Digital Witnessing

Whether we like it or not, we witness everywhere we go—including the digital world. Many social scientists recognize that there is no “virtual reality,” for both digital and “real” life have become intertwined. The Internet is not merely a tool; it is a place, and since Jesus tells us to “go into all the world” (Matt. 28:19), we have a responsibility to represent Him wherever we go. Thankfully, some basic evangelistic practices stay the same whether online or not.

A good word to remember is “netiquette.” This refers to our good manners in a digital context. For example, posting in all caps on someone’s social media page is bad netiquette, as it makes it sound like you’re yelling. Another rule of netiquette is not to be a “troll” (baiting people into fights or taking over conversations you haven’t been invited into), as fun as it may be. Paul’s counsel still applies: “But the fruit of the Spirit is love, joy, peace, patience, kindness, goodness, faithfulness, gentleness, self-control; against such things there is no law” (Gal. 5:22-23, ESV). “Gentleness” may be the trait digital witnesses are most likely to lack.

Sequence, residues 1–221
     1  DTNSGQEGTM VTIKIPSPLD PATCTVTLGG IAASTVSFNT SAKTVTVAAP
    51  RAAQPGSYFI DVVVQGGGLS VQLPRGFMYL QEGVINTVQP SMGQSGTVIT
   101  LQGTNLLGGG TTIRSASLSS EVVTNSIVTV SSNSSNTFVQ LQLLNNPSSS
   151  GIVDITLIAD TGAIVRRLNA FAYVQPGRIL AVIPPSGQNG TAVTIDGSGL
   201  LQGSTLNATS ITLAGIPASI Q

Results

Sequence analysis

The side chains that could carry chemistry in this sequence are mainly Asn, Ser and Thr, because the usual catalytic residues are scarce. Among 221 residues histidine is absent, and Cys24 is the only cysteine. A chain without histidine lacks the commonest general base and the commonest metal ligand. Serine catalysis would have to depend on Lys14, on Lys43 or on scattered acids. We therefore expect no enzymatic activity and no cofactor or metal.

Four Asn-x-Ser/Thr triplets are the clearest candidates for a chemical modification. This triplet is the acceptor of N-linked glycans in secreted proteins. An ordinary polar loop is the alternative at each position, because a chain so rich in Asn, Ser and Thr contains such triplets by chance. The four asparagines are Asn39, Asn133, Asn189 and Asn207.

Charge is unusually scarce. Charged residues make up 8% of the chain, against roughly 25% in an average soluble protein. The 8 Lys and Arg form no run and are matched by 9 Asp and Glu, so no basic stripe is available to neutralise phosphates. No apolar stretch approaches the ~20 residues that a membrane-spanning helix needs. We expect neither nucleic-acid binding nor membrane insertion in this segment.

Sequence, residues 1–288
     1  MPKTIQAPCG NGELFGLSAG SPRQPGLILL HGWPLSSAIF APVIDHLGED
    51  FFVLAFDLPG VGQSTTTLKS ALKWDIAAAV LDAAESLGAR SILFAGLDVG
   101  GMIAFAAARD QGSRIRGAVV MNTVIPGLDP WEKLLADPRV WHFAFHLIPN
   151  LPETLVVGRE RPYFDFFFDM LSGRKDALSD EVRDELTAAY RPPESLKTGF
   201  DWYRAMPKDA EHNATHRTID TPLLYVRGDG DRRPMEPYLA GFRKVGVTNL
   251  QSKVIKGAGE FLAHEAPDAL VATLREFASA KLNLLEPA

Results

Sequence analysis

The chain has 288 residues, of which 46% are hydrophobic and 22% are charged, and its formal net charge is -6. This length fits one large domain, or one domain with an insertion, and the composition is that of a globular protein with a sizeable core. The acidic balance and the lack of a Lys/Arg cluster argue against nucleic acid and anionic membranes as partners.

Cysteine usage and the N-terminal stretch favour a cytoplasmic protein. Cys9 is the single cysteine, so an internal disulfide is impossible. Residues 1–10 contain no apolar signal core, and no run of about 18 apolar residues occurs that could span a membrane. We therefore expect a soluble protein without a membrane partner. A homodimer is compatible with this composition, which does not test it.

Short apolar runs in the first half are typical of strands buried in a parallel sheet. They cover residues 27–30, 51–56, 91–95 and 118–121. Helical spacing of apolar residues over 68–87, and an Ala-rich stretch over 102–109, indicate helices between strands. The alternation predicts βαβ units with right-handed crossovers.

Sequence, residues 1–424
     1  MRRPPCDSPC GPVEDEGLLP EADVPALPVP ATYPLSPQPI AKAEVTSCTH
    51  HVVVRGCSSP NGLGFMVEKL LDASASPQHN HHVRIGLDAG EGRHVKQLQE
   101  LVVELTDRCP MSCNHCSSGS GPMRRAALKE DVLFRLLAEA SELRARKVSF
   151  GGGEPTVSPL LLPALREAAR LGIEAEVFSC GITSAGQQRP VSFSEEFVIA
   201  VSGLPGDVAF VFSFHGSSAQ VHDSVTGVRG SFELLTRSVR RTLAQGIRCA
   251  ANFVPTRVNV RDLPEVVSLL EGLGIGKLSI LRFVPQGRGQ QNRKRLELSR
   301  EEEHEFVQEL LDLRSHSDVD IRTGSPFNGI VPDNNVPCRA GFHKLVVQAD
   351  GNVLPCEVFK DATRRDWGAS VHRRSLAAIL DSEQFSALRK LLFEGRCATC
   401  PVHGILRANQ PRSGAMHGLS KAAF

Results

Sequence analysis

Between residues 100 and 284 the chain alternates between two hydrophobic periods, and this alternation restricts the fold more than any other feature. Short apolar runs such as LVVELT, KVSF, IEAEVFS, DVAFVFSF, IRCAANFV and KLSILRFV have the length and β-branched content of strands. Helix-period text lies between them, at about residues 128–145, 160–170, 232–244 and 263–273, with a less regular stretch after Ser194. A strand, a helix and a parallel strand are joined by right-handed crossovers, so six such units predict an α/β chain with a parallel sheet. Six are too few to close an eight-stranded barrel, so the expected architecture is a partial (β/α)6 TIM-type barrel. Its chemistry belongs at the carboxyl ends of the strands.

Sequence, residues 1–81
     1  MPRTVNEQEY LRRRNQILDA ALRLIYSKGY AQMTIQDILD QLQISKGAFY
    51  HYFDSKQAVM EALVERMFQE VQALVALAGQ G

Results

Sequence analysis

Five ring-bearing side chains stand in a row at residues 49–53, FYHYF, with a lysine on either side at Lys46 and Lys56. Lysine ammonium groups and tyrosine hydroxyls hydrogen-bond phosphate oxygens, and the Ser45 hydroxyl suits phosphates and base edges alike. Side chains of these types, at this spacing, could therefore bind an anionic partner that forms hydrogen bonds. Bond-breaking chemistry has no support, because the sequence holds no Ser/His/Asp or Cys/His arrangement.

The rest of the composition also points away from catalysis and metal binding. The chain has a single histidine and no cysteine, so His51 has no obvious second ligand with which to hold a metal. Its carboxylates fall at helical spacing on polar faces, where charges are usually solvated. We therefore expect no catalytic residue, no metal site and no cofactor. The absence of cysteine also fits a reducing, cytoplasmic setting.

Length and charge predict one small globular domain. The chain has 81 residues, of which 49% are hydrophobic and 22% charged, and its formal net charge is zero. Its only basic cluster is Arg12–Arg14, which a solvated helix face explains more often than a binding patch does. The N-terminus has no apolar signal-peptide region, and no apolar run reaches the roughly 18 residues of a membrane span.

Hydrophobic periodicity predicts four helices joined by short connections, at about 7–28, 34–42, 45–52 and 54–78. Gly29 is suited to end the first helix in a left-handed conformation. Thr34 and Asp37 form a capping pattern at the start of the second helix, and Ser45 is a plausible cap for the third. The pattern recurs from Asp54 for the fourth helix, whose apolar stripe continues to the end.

An old saying goes, “A man convinced against his will is of the same opinion still.” This means that getting angrier, posting more furiously, or using all caps to bludgeon someone into believing as you do will backfire. A better way is to ask thoughtful questions, complimenting what you can, and praising people for remaining respectful in discussions. Another good tactic is private messaging someone versus engaging them publicly. This avoids making the witnessing experience an exhibition that runs the risk of making someone look dumb.

Above all, whatever the context, our witness must be born out of love for Christ and the other person. That means that, at times, we need to be willing to walk away from the conversation and let people make their own choices.